Photo courtesy to Zuca Lanon.

Self-Organization Isn’t Just About the Self

Why Teams and Individuals Are Equally Important to Organizations

For your team to be successful, it isn’t enough to hire a bunch of individual superstars.

At The Ready, one of our current strategy statements is:

“Working Together Even Over Individual Excellence”

I work with exceptionally smart people. We’re all individually capable of doing amazing work and really know how to own the projects that we are accountable for.

If you work in a self-organized company like I do, you might agree on how you and your colleagues have to be excellent at self-managing. This means having sharp work habits, self-awareness, and self-efficacy. But our strategy statement serves as a reminder that we need to do more than crush it on our own work. We have to crush it as a team, too.

The Importance of Teamwork in Self-Organization

A company that is comprised of people who only work individually would be no better than a company that is siloed.

There is no shortage of research and stories on the importance of organizations having strong teams. Project Aristotle, Google’s recent well-renowned research project, has discovered some solid insight about what makes the ideal team. After dividing 699 people into small groups to complete a series of assignments, Project Aristotle found that the best teams embodied two specific behaviors:

  1. Every team member spoke about the same amount. The researchers called this “equality in distribution of conversational turn-taking.”
  2. The ability to read how others feel based on nonverbal cues. The researchers called this “high average social sensitivity.”

As Charles Duhigg notes, Google’s top executives believed that combining the best people is surefire to creating the best team. But Project Aristotle found that the team members’ skills, backgrounds, and personality traits (such as conscientiousness — a validated predictor of job performance) did not affect team success at all. Whether the team had the highest performers didn’t matter.

The good news is that the perfect team doesn’t need five Steph Currys.

I think this idea is especially important for a self-organized company.

In Holacracy, for instance, a big intention of Tactical and Governance meetings is to allow everyone equal opportunity to speak their mind and suggest changes without sacrificing the agility of the decision-making. Dominant voices are prevented from taking over the discussion and those more shy have the opportunity to voice their thoughts. Everyone’s voices have equal footing — exactly Project Aristotle’s Successful Team Behavior # 1.

If teamwork wasn’t crucial to self-organization, why else would there be an innumerable amount of literature on teamwork in a complex world? And what else would explain the emergence of self-managed teams?

This doesn’t mean organizations shouldn’t have individual superstars, though. Surely there must be balance.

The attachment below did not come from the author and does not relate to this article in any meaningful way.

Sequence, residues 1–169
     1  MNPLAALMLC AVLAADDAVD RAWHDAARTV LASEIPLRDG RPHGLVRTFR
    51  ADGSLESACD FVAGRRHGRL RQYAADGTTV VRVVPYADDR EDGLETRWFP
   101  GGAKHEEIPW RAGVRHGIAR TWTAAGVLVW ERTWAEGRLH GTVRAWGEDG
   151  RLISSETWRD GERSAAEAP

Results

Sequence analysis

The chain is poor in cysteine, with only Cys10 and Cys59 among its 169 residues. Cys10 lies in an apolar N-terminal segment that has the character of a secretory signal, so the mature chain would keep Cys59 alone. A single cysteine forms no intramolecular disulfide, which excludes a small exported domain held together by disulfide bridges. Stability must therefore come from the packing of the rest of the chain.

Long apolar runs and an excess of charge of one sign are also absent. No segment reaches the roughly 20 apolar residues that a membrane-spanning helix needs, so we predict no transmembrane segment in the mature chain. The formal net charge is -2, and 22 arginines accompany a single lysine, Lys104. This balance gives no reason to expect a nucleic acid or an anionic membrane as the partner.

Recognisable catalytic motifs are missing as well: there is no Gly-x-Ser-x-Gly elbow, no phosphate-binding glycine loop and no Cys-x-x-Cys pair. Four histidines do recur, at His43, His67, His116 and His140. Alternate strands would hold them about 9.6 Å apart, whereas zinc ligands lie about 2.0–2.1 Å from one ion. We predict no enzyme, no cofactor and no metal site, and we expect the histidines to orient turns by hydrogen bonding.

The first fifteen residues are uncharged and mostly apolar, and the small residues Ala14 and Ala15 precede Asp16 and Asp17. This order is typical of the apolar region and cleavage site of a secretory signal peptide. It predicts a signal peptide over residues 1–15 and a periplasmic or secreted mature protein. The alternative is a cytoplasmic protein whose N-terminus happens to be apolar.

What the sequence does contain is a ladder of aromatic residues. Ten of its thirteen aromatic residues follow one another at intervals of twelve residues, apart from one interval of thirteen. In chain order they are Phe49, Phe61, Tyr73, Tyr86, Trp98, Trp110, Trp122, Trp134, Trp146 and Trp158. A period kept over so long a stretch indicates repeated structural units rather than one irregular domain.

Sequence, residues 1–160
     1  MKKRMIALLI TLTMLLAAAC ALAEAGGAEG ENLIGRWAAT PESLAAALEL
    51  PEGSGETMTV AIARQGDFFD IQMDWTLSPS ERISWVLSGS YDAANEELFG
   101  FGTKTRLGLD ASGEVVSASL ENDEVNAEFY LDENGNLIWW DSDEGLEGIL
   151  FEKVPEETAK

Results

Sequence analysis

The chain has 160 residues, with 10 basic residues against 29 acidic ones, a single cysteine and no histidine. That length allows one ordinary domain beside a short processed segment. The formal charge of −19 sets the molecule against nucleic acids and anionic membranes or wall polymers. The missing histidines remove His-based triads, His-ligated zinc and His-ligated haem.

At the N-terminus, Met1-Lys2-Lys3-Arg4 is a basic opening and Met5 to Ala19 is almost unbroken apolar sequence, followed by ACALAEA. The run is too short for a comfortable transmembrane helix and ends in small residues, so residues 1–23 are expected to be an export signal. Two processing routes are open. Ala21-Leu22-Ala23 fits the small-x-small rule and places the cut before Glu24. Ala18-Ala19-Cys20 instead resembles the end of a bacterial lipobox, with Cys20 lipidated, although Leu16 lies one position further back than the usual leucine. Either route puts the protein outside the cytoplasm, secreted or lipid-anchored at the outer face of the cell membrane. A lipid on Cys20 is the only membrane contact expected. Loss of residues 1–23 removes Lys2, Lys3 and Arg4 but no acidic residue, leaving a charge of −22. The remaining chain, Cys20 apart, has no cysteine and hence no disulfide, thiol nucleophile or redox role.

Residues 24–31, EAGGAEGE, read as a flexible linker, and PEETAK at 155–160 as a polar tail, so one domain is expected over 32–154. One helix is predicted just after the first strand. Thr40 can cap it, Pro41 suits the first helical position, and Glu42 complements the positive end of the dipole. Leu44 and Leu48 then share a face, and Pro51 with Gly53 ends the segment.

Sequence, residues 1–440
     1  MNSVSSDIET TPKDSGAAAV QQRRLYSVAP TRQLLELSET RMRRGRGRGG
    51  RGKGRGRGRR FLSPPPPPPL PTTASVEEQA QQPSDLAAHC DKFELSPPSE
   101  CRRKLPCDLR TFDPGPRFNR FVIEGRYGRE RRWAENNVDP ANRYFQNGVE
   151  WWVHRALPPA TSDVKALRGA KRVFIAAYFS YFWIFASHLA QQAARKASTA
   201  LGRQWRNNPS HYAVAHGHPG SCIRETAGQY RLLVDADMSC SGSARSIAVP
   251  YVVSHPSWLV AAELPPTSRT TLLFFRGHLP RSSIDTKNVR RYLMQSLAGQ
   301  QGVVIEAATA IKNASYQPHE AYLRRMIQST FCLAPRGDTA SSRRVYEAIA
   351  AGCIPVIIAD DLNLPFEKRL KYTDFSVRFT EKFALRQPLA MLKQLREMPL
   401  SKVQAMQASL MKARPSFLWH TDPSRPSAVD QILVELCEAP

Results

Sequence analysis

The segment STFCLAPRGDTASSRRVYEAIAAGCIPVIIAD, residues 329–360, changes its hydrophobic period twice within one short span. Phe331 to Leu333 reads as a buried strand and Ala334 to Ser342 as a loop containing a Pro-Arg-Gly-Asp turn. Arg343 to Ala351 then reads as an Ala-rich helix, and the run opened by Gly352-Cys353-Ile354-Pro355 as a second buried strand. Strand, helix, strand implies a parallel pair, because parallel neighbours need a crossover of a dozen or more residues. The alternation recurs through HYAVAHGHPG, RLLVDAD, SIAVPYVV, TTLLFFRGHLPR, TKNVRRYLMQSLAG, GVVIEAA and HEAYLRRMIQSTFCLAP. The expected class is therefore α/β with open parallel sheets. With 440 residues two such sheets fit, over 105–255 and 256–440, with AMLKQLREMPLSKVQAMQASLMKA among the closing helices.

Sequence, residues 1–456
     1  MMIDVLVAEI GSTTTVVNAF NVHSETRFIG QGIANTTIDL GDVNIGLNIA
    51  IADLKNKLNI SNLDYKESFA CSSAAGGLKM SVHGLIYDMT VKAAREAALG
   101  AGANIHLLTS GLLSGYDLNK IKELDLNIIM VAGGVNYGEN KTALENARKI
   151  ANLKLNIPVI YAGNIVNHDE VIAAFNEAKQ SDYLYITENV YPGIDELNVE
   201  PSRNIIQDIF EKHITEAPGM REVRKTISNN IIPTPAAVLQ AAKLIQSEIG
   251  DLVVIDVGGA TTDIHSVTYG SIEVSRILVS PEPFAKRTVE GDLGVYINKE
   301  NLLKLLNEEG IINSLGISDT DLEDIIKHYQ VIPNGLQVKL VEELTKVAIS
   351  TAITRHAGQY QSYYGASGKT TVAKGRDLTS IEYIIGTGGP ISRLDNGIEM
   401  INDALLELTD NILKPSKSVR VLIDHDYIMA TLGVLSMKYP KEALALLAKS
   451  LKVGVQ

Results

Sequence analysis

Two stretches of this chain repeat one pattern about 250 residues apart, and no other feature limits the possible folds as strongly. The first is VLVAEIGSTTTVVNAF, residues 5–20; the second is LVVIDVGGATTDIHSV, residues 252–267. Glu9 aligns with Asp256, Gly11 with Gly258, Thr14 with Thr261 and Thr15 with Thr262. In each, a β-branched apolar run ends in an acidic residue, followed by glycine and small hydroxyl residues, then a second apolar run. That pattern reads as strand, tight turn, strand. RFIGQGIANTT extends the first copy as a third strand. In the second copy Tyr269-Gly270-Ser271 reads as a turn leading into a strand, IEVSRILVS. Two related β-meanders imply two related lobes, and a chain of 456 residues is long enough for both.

The Importance of Managing Yourself in Self-Organization

As much as a self-organized company needs its teams to self-manage, it also needs its people to manage themselves.

Say you’re currently hiring for your self-organized company, where people have complete autonomy over when, where, and how they get their work done. And say you hired people who don’t know how to prioritize, prefer not to make decisions for themselves, and can’t empathize (heaven forbid). Imagine how wrong it would be for these people to work in a self-organized company. As Devhouse Spindle put it, how would you prevent these people from buying Playstations and slacking off?!

Of course, this scenario is a huge exaggeration. People have much better judgment than to play video games all day at work (although some companies in Silicon Valley that interpret video games as “culture” are cutting it close).

“This is amazing. I feel like I’m in Minority Report.” — Dinesh, Silicon Valley S03E02

In a self-organized company — or any company, really — you shouldn’t settle for any less than to hire the best. Because these are people you will trust to run the company with. People who will give you the toughest feedback when you need it, and the deepest admiration when you least expect it. People who will continually motivate you to do your best work as they consistently put in theirs. So why not comprise your team of individual superstars?


My working hypothesis is this:

For a company to truly achieve self-organization, it must self-manage on a team and an individual level.

Teams and individuals are equally important to our organizations, self-organized or not. Because for an organization to fulfill its mission and do meaningful, impactful work, our teams must collaborate at their best and our people must be at their best.

The world doesn’t deserve any less.


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